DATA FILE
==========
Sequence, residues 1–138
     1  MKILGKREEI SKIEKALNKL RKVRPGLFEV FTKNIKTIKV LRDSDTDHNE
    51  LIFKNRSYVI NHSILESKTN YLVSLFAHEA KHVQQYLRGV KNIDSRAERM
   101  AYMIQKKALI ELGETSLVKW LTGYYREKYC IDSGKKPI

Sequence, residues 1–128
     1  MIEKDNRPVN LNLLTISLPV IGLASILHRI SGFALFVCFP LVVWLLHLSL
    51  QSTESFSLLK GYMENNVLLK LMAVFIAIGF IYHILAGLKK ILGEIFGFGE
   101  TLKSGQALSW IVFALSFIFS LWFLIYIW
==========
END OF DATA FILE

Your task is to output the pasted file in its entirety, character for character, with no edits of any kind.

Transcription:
Sequence, residues 1–138
     1  MKILGKREEI SKIEKALNKL RKVRPGLFEV FTKNIKTIKV LRDSDTDHNE
    51  LIFKNRSYVI NHSILESKTN YLVSLFAHEA KHVQQYLRGV KNIDSRAERM
   101  AYMIQKKALI ELGETSLVKW LTGYYREKYC IDSGKKPI

Sequence, residues 1–128
     1  MIEKDNRPVN LNLLTISLPV IGLASILHRI SGFALFVCFP LVVWLLHLSL
    51  QSTESFSLLK GYMENNVLLK LMAVFIAIGF IYHILAGLKK ILGEIFGFGE
   101  TLKSGQALSW IVFALSFIFS LWFLIYIW